additional texmf tree for all users (was Re: [OS X TeX] Beginner help with TeXshop/MacTex needed)

Victor Ivrii vivrii at
Sun Aug 27 20:11:17 CEST 2006

On 8/27/06, Rowland McDonnell <rjmm-lists1 at> wrote:
> > >

> Could you perhaps tell me which instructions tell me to use `locate',
> and how it connects with teTeX?  I am a bit of a clueless newbie when it
> comes to command line stuff these days, and the man page for `locate'
> does not make very much sense to me.  For example, I do not understand:
> `Shell globbing and quoting characters (``*'', ``?'', ``\'', ``['' and
> ``]'') may be used in pattern, although they will have to be escaped
> from the shell.'

I just want to note that there are few instances of this file and one
needs to understand the correct one. Further

% locate

does not search your hard-disk but searches database which could be
old so to update database instantly you run

% sudo  /usr/libexec/locate.updatedb

(only admin user can do it)
> Thank you for reminding me - I have explained to this mailing list that
> I have read and understood that point.
> > It gives you a clue why
> > creating non-standard tree is not a good idea: anytime installer
> > decides to overwrite texmf.cnf file (one or another) your non-standard
> > tree hangs in the air unless you restore old file or modify a new one.
> Well, that's more of a bug in the installer, surely?  If there is no
> facility for a local administrator to add a local texmf tree that is not
> routinely shut out like that, isn't that a flaw in the installation?

You can call it a bug but this is a trade-off: very few users want the
fifth tree; they suffer under this arrangement; otherwise an absolute
majority can end with an obsolete file.

> > The latter is a hassle, the former... well, if GW decides to create a
> > new tree, the restored file would be problematic.
> Thank you.  Could you explain what you mean by this?  I'm afraid I do
> not understand your point.  Surely the solution to the problem of the
> installer not allowing local modifications to the standard directory
> trees would be to put  the required lines of code to add my tree to the
> search paths into a separate file kept somewhere secure out of the way
> of the installer, and add them back to /usr/local/teTeX/texmf.cnf any
> time the installer messes things up?

OK, you decided to have your own tree. So, you need to modify
/usr/local/teTeX/texmf.cnf .
You options: 1) after major update you edit this file. Hassle
2) You backup this file and restore it from backup. OK. But if GW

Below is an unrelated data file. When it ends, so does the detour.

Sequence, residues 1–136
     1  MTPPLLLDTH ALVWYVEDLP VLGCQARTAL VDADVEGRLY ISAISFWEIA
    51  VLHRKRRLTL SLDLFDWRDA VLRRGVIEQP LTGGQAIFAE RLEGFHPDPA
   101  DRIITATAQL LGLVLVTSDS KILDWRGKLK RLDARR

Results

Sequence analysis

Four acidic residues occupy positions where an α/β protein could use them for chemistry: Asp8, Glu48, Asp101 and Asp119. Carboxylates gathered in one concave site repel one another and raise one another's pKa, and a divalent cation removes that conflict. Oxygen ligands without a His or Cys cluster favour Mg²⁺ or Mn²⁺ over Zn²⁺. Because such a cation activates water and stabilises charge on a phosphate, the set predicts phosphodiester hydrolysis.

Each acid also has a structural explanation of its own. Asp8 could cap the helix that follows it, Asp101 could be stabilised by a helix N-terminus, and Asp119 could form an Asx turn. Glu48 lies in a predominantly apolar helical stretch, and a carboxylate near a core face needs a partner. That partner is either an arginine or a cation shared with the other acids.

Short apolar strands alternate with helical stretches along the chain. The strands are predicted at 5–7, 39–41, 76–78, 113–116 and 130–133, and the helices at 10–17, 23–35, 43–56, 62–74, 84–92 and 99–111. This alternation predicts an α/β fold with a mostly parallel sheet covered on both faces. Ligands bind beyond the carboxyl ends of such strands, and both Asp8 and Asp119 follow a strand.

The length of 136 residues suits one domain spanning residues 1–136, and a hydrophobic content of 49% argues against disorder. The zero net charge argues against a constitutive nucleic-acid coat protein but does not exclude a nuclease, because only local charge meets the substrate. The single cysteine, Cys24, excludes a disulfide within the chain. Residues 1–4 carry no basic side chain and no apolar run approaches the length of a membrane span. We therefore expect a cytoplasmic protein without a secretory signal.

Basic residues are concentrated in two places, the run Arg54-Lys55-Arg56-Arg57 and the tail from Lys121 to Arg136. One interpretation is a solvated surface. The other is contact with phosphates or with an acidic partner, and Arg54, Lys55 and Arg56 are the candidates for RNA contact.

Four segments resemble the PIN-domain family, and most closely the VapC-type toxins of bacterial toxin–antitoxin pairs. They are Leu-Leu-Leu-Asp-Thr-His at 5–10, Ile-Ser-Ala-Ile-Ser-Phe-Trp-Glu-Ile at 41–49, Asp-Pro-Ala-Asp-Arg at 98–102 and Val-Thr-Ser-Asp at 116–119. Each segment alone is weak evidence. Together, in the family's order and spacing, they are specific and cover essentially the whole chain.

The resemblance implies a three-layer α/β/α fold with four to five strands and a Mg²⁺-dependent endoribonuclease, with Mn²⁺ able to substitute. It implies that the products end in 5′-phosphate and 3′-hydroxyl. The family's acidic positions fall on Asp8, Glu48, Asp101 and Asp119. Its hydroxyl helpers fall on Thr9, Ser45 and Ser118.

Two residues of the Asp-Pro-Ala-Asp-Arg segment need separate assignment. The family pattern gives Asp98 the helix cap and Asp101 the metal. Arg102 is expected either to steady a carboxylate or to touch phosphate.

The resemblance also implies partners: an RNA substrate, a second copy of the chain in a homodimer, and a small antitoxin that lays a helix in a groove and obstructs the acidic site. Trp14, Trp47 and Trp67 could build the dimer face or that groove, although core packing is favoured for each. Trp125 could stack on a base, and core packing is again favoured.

introduces an extra tree and modify file by himself, this procedure
will kill his modification.

> > Definitely GW can
> > make mistakes, but when it happens plenty of people would notice it
> > instantly; when you do your mistake, you are on your own.
> Thank you for reminding me again.  I've tried to explain that I'm
> perfectly happy with that: I've been looking after TeX installations on
> my own for much longer than most people have used TeX.  All I need is
> the documentation, and I'm away.  I had no help at all with emTeX or
> OzTeX back in the early days - I had to sort it all out myself.  I
> learnt to do so.  I made many mistakes in the past, and I like to think
> that I've learnt from them and come up with a way of working that is
> secure, stable, and future-proof.

Good. But I presume that all of us can do mistakes and that it is much
more secure to go with the standard.
> Now, of course, I'm up against one of the tests of my ideas about future
> proofing: *IF* I can figure out how to configure teTeX to read my (yet
> to be created) teTeX texmf tree, and my extant local additions slot in
> without much massaging, I got it right.  But the proof of the pudding is
> in the eating and all that - I've got to try it out, haven't I?
> > What is
> > worse: teTeX is officially dead and I don't know and GW may be does
> > not know currently the structure of his future distribution and
> > everything non-standard becomes truly problematic.
> Which is one of the many reasons why I want to have my own texmf tree
> separate from the standard setup - it provides me with good protection
> against being left in the lurch by that sort of thing.

texmf.local is such tree (I already played a paranoid on this list
asking if GW decides to include utthesis in his distribution where
ut=Un Texas and thus killing my utthesis with ut = University of
Toronto). This is bad but seems to be unlikely. I consider the risk
associated with this much smaller than the risk going with the

> > Well, you are a brave person, so let's try.
> Nope, I'm a terrible coward with a lot of very successful experience in
> dealing with the problems that computers cause.
> > I am a coward and thus I
> > give you completely logical but not tested advice.
> Thank you for the time you have put in to helping me.  I really would
> rather you gave me a pointer to some documentation - it'd save you time
> and effort, and help me more, I think.  I'm a terrible coward, so I
> won't follow advice that I don't understand, and I'm afraid I don't
> understand your advice - although, as I say, I am grateful that you took